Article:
I love this time of the year. It has been documented in other columns I have written. A few months ago the weatherman hinted that there was a chance of frost in the “outlying areas.” That's where I live.
Just before midnight I walked outside into the night. When the air is bordering on frost, it has a certain “feel” to it. The air had that “feel”. I smiled to myself. It was exhilarating.
It is the time of year to think of wool socks and pants, flannel shirts, vests, sweaters, lined jackets, and warm caps. It's also time to try to remember where you stored the long underwear last spring.
My father was a great believer in long underwear. He wore them from the first of August until the end of May. He wore the white thermal-knit kind. And he wore them until you could see through them. When he was finished with a pair, they weren't even good for dust rags. He literally wore them out.
He loved a good, warm wool cap, too, the kind with ear flaps. When the weather gets cold, I think of him.
My grandfather Brim warmed his house with a wood fire. In the earliest day I remember, the fireplace was big and open. It required a big backlog. I recall popping popcorn over that fire. The popcorn popper was a screen-wire box about the size of a cigar box. It had a solid bottom made of tin. The box was attached to a stick much like a mop handle. You poured the popcorn in the popper and heated it over the flames. I've popped a lot of popcorn over an open fire. It was not the best popcorn, certainly not buttered. But it would go down mighty fine with a Nehi.
Every fall my grandfather drove from Riddleton to Willette in Macon County to get a load of cook stove wood. A sawmill owner there cut hardwood slabs into eighteen-inch pieces for him. He would return with his 1951 GMC pick-up truck bed stacked high.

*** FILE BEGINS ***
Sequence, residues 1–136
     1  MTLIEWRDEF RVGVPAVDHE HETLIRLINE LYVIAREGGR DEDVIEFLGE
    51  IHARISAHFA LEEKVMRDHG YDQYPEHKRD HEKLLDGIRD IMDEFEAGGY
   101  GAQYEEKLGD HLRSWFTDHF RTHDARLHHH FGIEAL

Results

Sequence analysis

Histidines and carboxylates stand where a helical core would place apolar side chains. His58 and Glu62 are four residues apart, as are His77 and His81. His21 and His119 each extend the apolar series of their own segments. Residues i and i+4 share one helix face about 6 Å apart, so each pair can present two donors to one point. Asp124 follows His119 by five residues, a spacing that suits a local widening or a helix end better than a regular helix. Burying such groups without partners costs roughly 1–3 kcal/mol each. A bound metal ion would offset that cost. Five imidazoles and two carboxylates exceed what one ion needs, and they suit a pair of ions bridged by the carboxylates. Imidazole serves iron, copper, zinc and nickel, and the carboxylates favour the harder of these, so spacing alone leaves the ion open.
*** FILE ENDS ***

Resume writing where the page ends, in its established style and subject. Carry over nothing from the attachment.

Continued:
I have watched him for hours as he took his “little” ax and split those pieces of slabs into two-inch wide sticks of wood. It made for ideal fuel for my grandmother's wood stove.
About this time of year I get a hankering for splitting some wood. I don't know, I guess it's in my bones. I guess I've sat before too many fires.
I'll fire up my fireplace soon. I like everything about a fire, getting one started, keeping it going, the smell, and the “feel” of the fire on my face
And when the weather starts getting cold, I look forward to the feel of a good, warm bed. I like a cold room and lots of covers. The thought of that takes me back to winters when I slept in a feather bed in the Brim Hollow. The room was cold and the quilts lay heavy. I've waked up on many a morning feeling sore from the weight of the bed covers. Talk about a cold room - my nose felt like an icicle.
I've also waked up to find a narrow line of snow lying on the floor from where it had blown in around the window frame.
Cold rooms make you appreciate a warm bed. When I got of bed I hurried to the kitchen and the warmth of the cook stove.
So get out those extra blankets and quilts and all those things that will help keep you warm in the coming days.
Speaking of keeping warm, there's hardly a feeling that compares with feeling nice and warm when it's cold outside. It makes me think of the coming holidays - Thanksgiving, Christmas, and New Year's Day - a time to gather with friends and family and share the warmth of their love.
But even that doesn't compare with warming by the fire of God's love.
May you find warmth from the cold in the coming days.
Copyright 2008 by Jack McCall